The career of Peter Paul Rubens repays study. In him one sees the Renaissance spirit carried to a height and an exuberance of splendid qualities which illuminate the entire movement, extending in a broad expanse from Italy across the borders of Germany and Spain, and into the Low Countries. Through Rubens one sees Michelangelo, in Rome, Titian, in Venice and Madrid, and many lesser lights, reflected in his enthusiastic study and absorption of Italian masters. Through Rubens the way is also prepared for Velasquez, Tiepolo and Poussin, to name three only of those who, directly or indirectly, were influenced by him. In sympathy with him, one is in sympathy with a wide range of aesthetic expression, including that of various personalities imbued by him with the spirit of his age.Rubens himself does not appear as a laborious experimenter in the art of that age. He rather seems to have found everything ready to hand and to have pursued with straightforward energy what appeared to him to be the obvious course. He was a man of extraordinary versatility. Of large business ability, he was also a skilled diplomatist, yet, chiefly devoted to and accomplished in, the painting of murals, portraits, historical, religious and pagan subjects, he embraced with his genius almost every aspect of his vocation. The manner in which he achieved his effects, his craftsmanship and unerring instinct stamp him as an artist of essential simplicity and integrity. He had the greatness of a genius who could utilize all that had gone before him.The student finds in his work the luxuriant record of the Renaissance ideal. Rubens' nudes and stalwart figures, his imposing portraits and huge allegories, tell of the aspiration toward a high ideal of the XVI and XVII centuries. They describe more fluently than any verbal recital the glowing colors and effulgent shapes of the tastes of the period. Michelangelo's action, Titian's luminous color and the realism of the Flemish school combined in his to form the work of one man into an international force.Even in a small panel, small chiefly in comparison with the bulk of Rubens' work, one notes these broad qualities—a composition capable of being enlarged to heroic proportions; exactness of drawing that carries the conviction of weight and bulk, no matter how small or foreshortened the figures; warm flesh tones; subtle transitions of color that produce effects of airy distance, and a decisive control of technique that endows his work with a sustained virility, in spite of the oftentimes tender and incidental subtlety of details.The sketch owned by the Institute can be studied for these points. It stands comparison with much of Rubens' work, whether allegorical of illustrative. In subject it possesses an interest of its own, linked with Rubens' diplomatic mission to England and with the history of Whitehall Palace itself, in the ceiling of which the finished large-size subject was eventually placed. The subject is the crowning of the infant king, later Charles I of England, by the three allegorical figures presumably representing England, Scotland and Ireland. But interest in the subject of the picture should be subordinated to the importance of the sketch as an example of Rubens' marvelously logical technique. Close examination shows the ease with which he achieved his sparkling highlights. The glowing shadows are a lesson in painting by themselves. All the surface is fresh, even after three hundred years, which only can be explained by the simplicity and soundness of his method; colors are used lightly, without fuss or retouching, and his rich effects were obtained seemingly with the first strokes. It is well known that Rubens paid particular attention to the proper drying of the colors on his canvases and panels, utilizing direct sunlight to preserve the fresh tones intact.There is every reason to suppose that the sketch belonging to the Institute was painted by Rubens' own hand, without the aid of pupils. Historically and aesthetically this is reasonable. The sketch in the Hermitage in Leningrad, which deals with the same subject on a slightly smaller scale and includes another figure to the right of the central group, seems to have been the first draft of the painter's idea for the ceiling decoration. The Institute's example is a more fully developed, better finished version of the central group, worked out with more convincing thoroughness, since the artist intended it as a guide to his assistants to whom the bulk of the work on the final painting was committed. It is recorded that these huge canvases—the "little" cherubim are about nine feet long—gave much difficulty. Finished by pupils under the master's direction, they remained in the studio for a time, and, after delivery was made, it was discovered that the paint had begun to crack, and the larger part of the surface had to be refinished. That the canvases were never right, technically, is clear, and the rapid decay of the paintings on the ceiling of the chapel, where they now are, mere ghosts of the original work as it left Ruben's studio, is thus accounted for.It is entirely different with Rubens' sketches in general, and the Institute's panel especially illustrates the truth of the statement. Not only in its execution characteristic of the master, but the condition of the paint is as nearly perfect as one could wish. The sketch in question has long been appreciated. It had an important place in the Demidoff Collection in the San Donato Palace, Florence, whence it was sold in 1880 for 11, 200 francs, a large sum for that period. According to the catalogue in the Demidoff sale, this picture was formerly in the possession of Charles I and afterward in the collection of Sir Joshua Reynolds. But Smith's Catalogue Raisonne describes the paintings in those two collection as being somewhat smaller than the Institute's painting, a difference easily accounted for by careless measurements by local informants of the cataloguer. Be that as it may, the painting itself is a most important acquisition, valuable to student and layman alike. It represents Rubens at the peak of the Renaissance. And it shows what glories of coloring are possible in the hands of a great craftsman.Referenced Works of Art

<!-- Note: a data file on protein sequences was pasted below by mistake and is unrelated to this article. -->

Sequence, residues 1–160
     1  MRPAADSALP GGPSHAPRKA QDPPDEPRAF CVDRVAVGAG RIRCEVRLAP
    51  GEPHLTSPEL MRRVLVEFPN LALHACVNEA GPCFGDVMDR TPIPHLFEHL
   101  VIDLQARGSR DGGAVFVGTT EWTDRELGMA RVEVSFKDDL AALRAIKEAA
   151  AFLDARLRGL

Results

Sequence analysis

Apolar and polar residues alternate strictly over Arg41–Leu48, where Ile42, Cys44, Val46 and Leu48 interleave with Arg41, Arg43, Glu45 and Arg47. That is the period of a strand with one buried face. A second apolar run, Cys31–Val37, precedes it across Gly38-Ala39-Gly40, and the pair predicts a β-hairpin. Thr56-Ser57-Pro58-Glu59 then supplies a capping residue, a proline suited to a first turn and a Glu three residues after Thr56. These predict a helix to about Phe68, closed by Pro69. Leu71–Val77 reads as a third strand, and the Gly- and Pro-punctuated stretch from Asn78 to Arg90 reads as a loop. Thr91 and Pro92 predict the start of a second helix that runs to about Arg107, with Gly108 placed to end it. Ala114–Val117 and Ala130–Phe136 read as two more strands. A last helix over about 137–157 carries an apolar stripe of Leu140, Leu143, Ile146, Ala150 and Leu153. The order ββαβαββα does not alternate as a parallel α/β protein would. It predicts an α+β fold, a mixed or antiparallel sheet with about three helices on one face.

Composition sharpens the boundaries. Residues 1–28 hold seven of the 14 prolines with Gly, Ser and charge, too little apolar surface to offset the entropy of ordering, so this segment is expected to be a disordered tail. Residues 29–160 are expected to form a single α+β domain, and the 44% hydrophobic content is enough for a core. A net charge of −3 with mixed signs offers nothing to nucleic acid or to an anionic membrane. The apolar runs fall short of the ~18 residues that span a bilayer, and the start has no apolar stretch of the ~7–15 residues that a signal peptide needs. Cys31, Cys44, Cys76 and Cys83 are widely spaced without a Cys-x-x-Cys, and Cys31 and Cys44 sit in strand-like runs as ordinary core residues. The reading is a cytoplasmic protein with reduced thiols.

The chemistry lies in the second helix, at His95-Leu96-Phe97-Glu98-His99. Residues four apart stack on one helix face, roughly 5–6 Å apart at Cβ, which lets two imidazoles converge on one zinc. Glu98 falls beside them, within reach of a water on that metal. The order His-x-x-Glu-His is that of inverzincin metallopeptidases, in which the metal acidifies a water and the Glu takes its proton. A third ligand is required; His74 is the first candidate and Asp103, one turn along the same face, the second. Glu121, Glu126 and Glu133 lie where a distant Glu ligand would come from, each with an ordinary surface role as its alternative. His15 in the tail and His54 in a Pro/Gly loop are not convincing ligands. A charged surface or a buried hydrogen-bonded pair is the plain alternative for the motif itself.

- Sketch for ceiling panel of Whitehall Palace, London, painted 1630 by Peter Paul Rubens, and recently acquired from the Dunwoody Fund.
- Detail from Rubens' sketch.
- Allegorical figure from Rubens' sketch.